A nice way to use it is to output the version number into the console using console.log({{container version}}); in your Custom HTML tag. This way you can always check the console if you’re unsure which version you’re currently running. It’s a good way to debug your live implementation.

5. Custom Event


This macro returns the data layer “event” value of the last event that was pushed into the array. So if you’ve just executed dataLayer.push({“event”: “myEvent”});, this macro will return “myEvent”.


This should be one of your most familiar macros. It comes with every container setup under the name {{event}}. There are about a zillion use cases for this, most notably in firing and blocking rules. For example, if you only want a tag to fire when the event “fireNow” has been pushed into the data layer, you can add the rule {{event}} equals fireNow to your tag. Then, as soon as you execute dataLayer.push({“event”: “fireNow”}); the event macro will be populated with the value “fireNow” and your firing rule will trigger.

6. Custom JavaScript


Use this macro to perform a simple JavaScript function using either ad hoc values or elements in the DOM tree. The JavaScript function has to be encased in a function structure, it has to return a value and it can’t take parameters of its own.


You could use it with auto-event tracking to return the value “Outbound link” for all outbound links and “In-site link” for all in-site links. You can then use these as your Event Category in the event where you send information about the link that was clicked. The function would look like this:

function() {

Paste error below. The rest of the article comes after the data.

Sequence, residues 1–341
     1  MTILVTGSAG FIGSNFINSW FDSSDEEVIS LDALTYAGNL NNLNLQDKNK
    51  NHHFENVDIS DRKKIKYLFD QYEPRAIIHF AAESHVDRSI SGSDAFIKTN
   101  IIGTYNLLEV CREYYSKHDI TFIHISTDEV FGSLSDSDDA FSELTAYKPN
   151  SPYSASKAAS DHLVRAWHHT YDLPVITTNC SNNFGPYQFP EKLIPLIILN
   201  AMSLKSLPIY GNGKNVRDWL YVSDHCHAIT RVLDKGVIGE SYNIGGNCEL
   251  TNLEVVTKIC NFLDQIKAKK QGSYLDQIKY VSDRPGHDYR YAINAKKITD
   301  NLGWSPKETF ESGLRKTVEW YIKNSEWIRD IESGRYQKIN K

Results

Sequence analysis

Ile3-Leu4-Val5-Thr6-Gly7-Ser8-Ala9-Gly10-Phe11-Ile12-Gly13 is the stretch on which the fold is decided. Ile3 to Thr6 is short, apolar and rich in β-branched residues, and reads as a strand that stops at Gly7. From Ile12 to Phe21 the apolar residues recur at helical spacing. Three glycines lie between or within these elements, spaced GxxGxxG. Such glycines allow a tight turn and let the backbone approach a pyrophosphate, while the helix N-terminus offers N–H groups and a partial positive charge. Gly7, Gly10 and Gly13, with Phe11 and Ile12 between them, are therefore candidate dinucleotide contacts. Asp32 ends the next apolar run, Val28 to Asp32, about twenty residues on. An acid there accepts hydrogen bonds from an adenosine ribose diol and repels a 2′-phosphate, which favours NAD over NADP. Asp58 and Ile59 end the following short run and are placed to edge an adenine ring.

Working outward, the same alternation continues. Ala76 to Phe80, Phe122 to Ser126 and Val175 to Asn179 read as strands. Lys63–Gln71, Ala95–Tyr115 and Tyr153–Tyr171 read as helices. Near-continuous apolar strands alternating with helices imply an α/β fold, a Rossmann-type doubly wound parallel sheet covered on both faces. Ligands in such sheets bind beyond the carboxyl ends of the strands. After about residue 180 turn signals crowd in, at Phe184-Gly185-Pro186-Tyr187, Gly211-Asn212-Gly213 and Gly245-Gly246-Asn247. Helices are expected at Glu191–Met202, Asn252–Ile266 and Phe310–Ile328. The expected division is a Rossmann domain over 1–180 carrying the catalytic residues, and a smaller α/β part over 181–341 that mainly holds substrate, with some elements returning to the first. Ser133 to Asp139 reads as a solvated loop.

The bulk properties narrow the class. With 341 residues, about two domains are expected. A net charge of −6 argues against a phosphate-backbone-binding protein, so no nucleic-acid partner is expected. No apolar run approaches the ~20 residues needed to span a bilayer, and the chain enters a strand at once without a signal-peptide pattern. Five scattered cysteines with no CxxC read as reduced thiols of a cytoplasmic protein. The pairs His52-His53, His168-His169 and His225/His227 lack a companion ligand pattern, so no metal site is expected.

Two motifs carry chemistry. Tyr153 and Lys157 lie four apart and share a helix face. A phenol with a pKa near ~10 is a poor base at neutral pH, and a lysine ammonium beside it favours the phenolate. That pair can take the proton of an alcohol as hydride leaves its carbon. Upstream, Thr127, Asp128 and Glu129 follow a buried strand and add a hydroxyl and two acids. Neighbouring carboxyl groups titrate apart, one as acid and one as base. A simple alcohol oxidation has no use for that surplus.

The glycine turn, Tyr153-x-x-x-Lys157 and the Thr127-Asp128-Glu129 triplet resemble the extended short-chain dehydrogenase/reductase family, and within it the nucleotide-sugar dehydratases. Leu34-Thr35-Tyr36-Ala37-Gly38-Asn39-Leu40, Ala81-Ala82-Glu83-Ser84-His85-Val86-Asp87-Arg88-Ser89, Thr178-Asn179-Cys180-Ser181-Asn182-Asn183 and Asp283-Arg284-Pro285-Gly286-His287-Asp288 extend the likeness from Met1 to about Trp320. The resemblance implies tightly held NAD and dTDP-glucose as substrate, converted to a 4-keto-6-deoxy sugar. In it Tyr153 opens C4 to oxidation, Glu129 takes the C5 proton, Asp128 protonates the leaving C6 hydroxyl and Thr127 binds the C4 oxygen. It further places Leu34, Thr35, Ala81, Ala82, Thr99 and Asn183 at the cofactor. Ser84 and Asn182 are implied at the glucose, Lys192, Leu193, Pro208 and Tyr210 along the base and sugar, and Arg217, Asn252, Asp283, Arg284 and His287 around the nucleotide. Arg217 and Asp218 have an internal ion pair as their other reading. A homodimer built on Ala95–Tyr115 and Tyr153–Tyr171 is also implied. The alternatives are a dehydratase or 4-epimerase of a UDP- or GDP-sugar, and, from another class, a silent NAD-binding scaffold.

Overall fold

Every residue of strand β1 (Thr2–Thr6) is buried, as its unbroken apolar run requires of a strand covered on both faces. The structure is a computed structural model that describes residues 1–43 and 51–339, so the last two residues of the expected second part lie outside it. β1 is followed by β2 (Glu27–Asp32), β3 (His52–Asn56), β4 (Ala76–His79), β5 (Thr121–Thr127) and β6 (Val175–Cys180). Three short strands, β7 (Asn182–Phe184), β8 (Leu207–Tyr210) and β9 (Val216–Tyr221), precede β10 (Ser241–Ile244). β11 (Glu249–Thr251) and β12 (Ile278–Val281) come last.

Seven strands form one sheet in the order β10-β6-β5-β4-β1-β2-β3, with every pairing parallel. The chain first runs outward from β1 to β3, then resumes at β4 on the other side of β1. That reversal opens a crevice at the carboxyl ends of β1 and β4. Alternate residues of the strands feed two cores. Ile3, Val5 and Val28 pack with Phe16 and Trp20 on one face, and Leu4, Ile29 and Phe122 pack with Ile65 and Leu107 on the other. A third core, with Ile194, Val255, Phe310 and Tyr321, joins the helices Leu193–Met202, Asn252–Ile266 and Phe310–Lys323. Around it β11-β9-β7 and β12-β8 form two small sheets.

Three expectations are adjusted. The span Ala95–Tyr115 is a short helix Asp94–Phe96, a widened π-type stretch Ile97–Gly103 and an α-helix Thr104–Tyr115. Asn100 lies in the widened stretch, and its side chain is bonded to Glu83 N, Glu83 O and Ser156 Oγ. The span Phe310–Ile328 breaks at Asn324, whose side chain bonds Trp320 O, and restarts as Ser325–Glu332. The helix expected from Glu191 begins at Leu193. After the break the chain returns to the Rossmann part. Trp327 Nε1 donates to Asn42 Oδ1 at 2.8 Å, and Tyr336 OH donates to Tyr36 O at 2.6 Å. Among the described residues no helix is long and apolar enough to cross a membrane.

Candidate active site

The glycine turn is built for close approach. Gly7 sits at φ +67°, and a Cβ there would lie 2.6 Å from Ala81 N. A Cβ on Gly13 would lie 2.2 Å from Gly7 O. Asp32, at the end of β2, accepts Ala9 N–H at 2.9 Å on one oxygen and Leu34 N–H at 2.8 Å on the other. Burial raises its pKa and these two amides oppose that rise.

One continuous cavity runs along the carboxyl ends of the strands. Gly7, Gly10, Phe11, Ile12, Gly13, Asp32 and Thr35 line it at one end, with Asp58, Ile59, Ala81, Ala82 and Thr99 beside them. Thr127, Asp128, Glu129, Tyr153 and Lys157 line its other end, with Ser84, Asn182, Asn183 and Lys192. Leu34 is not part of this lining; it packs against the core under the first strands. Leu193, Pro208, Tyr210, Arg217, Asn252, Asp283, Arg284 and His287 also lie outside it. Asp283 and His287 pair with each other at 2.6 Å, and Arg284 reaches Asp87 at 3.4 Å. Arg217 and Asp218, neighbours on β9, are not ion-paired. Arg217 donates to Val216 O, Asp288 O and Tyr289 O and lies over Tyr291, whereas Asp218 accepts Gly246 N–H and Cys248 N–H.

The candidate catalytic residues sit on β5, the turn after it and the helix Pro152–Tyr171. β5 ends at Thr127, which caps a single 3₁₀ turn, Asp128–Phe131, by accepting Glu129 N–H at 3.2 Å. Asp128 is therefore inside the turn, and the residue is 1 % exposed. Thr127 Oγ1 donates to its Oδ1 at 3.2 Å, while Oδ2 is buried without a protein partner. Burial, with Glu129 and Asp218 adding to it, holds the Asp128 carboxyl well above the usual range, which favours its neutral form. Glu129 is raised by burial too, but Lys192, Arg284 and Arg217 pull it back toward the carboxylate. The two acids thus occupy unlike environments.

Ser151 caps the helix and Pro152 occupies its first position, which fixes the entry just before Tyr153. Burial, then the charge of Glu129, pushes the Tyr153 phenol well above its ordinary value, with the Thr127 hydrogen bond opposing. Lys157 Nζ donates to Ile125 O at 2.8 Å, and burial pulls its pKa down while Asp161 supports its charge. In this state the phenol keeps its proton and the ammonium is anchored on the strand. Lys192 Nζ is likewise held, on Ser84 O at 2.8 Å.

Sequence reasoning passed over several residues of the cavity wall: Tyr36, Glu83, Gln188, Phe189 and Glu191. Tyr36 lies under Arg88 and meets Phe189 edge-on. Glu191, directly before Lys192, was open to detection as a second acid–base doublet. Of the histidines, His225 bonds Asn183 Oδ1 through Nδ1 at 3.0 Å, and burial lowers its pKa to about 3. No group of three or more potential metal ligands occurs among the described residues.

if({{element url}}.indexOf("") >= 0) {
    return "In-site link";
  } else {
    return "Outbound link";

See how I’m referring to another macro within this macro? :) “" would naturally need to be replaced with your hostname.

Another neat trick is to use a Custom JavaScript macro to retrieve the file extension of the link that was clicked. You can use this to create more dynamic tags. Check out the tip on this Google+ post.

7. Data Layer Variable


Use this macro to refer to the variables you push into the data layer. Remember, you do the push with dataLayer.push({“Variable_Name”: “Some value”});. If you set this macro to look for “Variable Name”, the return value will be “Some value”.

With “version 2” (now default), you can refer to nested values using dot notation. For example, if you’ve pushed dataLayer.push({“Products”: {“Product_1”: “Lawn mower”}});, by referring to Data Layer Variable Name Products.Product_1, you’ll get “Lawn mower” as the return value.


You can use it nicely in conjunction with auto-event tracking. When you click an element, the data layer is updated with the object gtm.element, which can be traversed like any DOM object. For example, to get the tag name of the object that was clicked, you’d create a data layer variable macro for gtm.element.tagName. Clicking an image would then return “IMG”.

8. Debug Mode


This returns “true” if you’re in Google Tag Manager Debug mode, and “false” if you aren’t.


See Lookup Table Macro below for a nice use case.

9. DOM Element


Use this macro to refer to any element that can be found in the Document Object Model. The element needs a unique ID identifier. You can even specify the attribute whose value you want to get in return. If you don’t specify an attribute, you get the text content of the element (if any).


Let’s say I want a certain tag to only fire on pages where the text “By Simo Ahava” can be found in the <div id="author"> element. A good use case for just my article pages. For this to work, I’d create a DOM Element macro called “Author” with Element ID “author”. After that, I can create a firing rule {{Author}} contains “By Simo Ahava” for the tag that only fires on my article pages.

10. HTTP Referrer


This returns the HTTP referrer (i.e. the previous page URL). You can also choose which URL component is returned by the HTTP Referrer macro (see the chapter on URL macros for a description of component types).


You can use it to check if this is the first page of the visit or not. Create the macro and then use it like:

if ({{referrer}}.indexOf("") >= 0) { 
  alert("Yay, not the landing page!");